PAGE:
This record is held by Manchester Archives and Local Studies
M325/1/1 ANNUAL REPORTS, 1828-1947
M325/2/1-8 COMMITTEE MINUTES
M325/2/1 General Committee, 1873 - 1914
M325/2/2 Management Committee, 1914 - 1948
M325/2/3 Medical Committee, 1917 - 1966
M325/2/4 Building and Finance Sub-Committees, 1957 - 1967
M325/2/5 Prevention of Cross-infection and Cleaning Sub-Committees, 1959 - 1966.
M325/2/6 Ancoats Convalescent Home, 1904 - 1947
M325/2/7 Ancoats Hospital and Ancoats Convalescent Home House Sub-Committee, 1948 - 1966.
M325/3/1 MEDICAL REGISTERS [RESTRICTED ISSUE]
M325/3/1 Operation register, 1924
M325/4/1 Visitors' Book, 1922 - 1941
M325/4/2 Histories of Ancoats Hospital
M325/4/3 Book of signatures presented to Miss Maud Earl, 1945
M325/4/4 North Manchester Hospital Management Committee yearbook, 1950.
|Held by:||Manchester Archives and Local Studies, not available at The National Archives|
Records containing personal, medical information about individuals are subject to one hundred years' closure (ref: M325/2/3/1-3; M325/3/1/1).
|Immediate source of acquisition:||
The following records were deposited by Ancoats Hospital in 1979.
|Administrative / biographical background:||
Ancoats Hospital started life as the Ardwick and Ancoats Dispensary which opened in 1828 in Great Ancoats Street and moved to Mill Street in 1869. As a dispensary it contained no beds: people were treated as out-patients or visited at home. The move to new larger premises in Mill Street in 1873 allowed for the provision of beds and the transition from dispensary to hospital.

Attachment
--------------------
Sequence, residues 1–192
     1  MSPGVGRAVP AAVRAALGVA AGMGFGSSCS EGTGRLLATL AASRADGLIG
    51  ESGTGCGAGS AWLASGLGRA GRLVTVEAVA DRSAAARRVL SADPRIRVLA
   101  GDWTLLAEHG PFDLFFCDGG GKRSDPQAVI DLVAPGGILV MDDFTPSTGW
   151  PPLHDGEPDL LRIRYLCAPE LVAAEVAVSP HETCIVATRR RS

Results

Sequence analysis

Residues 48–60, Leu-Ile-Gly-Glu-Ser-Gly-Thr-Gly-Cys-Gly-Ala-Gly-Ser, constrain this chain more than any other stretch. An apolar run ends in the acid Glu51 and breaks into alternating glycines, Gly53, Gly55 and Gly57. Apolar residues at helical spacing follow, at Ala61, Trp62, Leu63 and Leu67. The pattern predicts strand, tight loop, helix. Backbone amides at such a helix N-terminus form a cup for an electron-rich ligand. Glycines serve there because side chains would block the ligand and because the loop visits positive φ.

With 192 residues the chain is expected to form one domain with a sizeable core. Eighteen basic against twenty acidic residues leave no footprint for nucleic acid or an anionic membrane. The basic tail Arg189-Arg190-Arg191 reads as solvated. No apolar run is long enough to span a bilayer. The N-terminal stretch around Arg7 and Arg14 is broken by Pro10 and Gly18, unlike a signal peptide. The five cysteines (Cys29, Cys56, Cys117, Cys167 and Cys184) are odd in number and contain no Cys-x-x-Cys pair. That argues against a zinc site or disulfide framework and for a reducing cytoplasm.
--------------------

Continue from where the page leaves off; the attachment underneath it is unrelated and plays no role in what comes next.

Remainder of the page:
In contrast to the poor law infirmaries at Withington and Crumpsall, Ancoats was a voluntary hospital, funded by subscribers and benefactors who were acknowledged in each annual report (ref: M325/1/1/1-5). The influx of 'Subscriptions from Workpeople', together with a substantial gift and bequest from Miss Brackenbury allowed for the construction of the hospital building in 1872-3. A Workpeoples Fund Committee developed which did a great deal of fundraising work for the hospital until 1948. In 1904 a convalescent home was opened at Great Warford near Alderley Edge, built using money donated by Mrs. Crossley, on land given by the David Lewis Trust. It was closed in 1967 by which time urban conditions had improved sufficiently to make two weeks' convalescence in the country no longer a necessary part of hospital treatment (ref: M325/2/6,7).
|Link to NRA Record:|